Ok, this is a long story but I felt compelled to share so that others don't make my same mistakes. Now, I've read enough, and I think learned enough to know all that went wrong, but as is typical, did a lot of it anyway, either because I was hurried, or stubborn, or both.
So first things first: I started off grafting queens. The first round of grafts didn't take at all, not one. Upon review I found that my screen box below the starter colony had a few leaks, and since it was right next door to the mother colony, they just abandoned the grafts. The starter box wasn't completely empty and the bees had started pulling a few emergency cells on the brood comb I had placed in there with them. So I fixed the box, and grafted again two days later. But not before I rolled my German grafting tool up in the newspaper from the first attempt and threw it away! I hammered out a copper wire to make my own grafting tool which actually worked pretty well, and this time I got about 30% take on the queen cells. I noted that there were clusters of cells that took, and then long gaps in the frame. I also noted a lot of dead bees in the bottom of the screen box. I suspect the box got too hot which killed some bees, which led to a lack of coverage so large areas of cells didn't get built.
Now with the grafts growing, I looked to set up my queenless splits for mating nucs. I didn't have time to build enough nuc boxes, so I defaulted to a bunch of corrugated plastic nuc boxes (Jester Bee). These things aren't exactly designed for repetitive use and several of them had holes or seams that were tearing out.
On setting up the mating nucs, I placed a frame of capped brood, a frame of honey, a frame of honey/pollen/brood, and an empty frame with foundation to keep them occupied. Lastly I put in a frame feeder and of course a caged queen cell. Then I shook in several more frames of bees to get good coverage. Now, with the mating nucs sealed up (but with good ventilation) I moved them 100' across the yard and into the shady area so they wouldn't get overheated while sealed up for 24 hours. This was two days before the queens were slated to hatch (Friday, and due on Sunday).
The next day I went around and opened all the entrances. Right away I could tell which nucs were the strongest by how the bees either came out or didn't. I waited another 24 hours (so now Sunday) and then went back and check in on the nucs to see who had hatched and who hadn't. I had two queen already out, and all the cells that hadn't hatched yet, I went ahead and removed them from the cage so they could hatch out freely. At this point I already had a few that were low on population and starting to get slimed by SHB. I removed all slimy frames on these hives and left them with only a bare foundation frame and a frame feeder full of sugar water. These feeders BTW are not my favorite! They were almost all full of dead bees, despite the textured sides that are supposed to let bees crawl out.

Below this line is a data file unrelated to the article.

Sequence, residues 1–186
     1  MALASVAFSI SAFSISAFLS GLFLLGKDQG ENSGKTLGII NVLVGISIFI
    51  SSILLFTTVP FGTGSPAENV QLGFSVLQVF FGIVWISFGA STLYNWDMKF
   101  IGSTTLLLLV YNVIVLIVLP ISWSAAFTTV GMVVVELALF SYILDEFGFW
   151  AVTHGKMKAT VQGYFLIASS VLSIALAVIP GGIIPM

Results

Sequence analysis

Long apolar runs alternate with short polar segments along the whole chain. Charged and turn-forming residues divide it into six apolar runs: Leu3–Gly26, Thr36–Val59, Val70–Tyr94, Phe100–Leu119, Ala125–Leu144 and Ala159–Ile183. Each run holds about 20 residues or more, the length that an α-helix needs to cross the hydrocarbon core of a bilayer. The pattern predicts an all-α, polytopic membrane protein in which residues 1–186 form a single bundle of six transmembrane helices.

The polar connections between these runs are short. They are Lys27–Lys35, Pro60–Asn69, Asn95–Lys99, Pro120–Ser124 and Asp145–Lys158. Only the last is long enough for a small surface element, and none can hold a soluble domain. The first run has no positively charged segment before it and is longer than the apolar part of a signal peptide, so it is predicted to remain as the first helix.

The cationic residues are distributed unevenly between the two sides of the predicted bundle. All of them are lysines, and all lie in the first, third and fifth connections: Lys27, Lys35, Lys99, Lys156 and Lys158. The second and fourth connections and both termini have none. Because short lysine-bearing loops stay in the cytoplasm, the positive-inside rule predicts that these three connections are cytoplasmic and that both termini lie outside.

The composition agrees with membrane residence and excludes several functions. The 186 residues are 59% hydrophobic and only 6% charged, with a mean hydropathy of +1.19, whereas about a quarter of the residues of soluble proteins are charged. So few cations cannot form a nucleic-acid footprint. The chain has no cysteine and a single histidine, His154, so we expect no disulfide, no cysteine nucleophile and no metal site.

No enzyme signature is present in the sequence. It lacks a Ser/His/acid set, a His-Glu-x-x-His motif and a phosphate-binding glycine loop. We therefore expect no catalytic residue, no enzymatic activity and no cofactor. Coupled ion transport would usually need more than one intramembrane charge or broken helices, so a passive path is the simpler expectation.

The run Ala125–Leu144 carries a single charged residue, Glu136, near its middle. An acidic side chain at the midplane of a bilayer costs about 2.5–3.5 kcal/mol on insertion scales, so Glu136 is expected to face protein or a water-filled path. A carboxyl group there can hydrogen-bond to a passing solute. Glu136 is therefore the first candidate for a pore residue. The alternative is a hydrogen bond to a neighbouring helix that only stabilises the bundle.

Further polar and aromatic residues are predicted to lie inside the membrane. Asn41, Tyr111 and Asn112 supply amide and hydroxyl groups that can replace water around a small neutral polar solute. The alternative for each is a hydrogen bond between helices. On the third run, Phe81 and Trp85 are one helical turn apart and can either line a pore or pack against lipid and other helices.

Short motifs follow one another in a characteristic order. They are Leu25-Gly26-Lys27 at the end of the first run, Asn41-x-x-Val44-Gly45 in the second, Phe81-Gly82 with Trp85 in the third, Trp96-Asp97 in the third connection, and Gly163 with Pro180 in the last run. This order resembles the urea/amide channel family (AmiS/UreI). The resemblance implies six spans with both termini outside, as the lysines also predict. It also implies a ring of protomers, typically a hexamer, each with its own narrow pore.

Two days later now (Tuesday) I made the rounds again. Every queen cell had hatched which is great! But 6/8 of the mating nucs I set up were slimed out, and I didn't spot the virgin queen in any of them. I also discovered another small hive that was a swarm I caught a month or so ago, that was doing great a week ago, and now it was absconded and also slimed! What's odd, is that the two mating nucs that appeared the strongest to begin, stayed the strongest, even though one of them had all sorts of holes in the box and could have easily went back to it's donor colony but didn't. They were also sitting side by side, and facing north, if anyone is superstitious. The ones that got slimed were facing east, south, and west respectively.
So, heartbroke and a little T'd off, especially after finding the collateral damage (the swarm slimed out) I went to check and see what queens I had left. I had 5 queen cells in cages that had been left in the finisher colony. All had hatched. 4/5 were dead in the cage. The last time I grafted, which was back in June, I had about a dozen cage queen cells that I left in the starter colony to hatch out. They all survived in the cages for nearly two weeks before I took them out and offed them just because I couldn't find enough bees to make splits for them. At the time I was grafting just to learn the art, shame I wasted all those queens.
Now I'm scrambling, wondering if I have enough time and drones to graft once more, and wondering if I even have enough bees in any of my hives to make more splits. I don't know just yet how many of the bees went back to their donor colonies and how many of them are drowned in the feeders. All in all it was a disaster, and a truly humbling experience. I hope some others can learn from this story, and hope I never, never, NEVER, have to deal with this again! I won't sleep well tonight, this sort of stuff gives me bad dreams!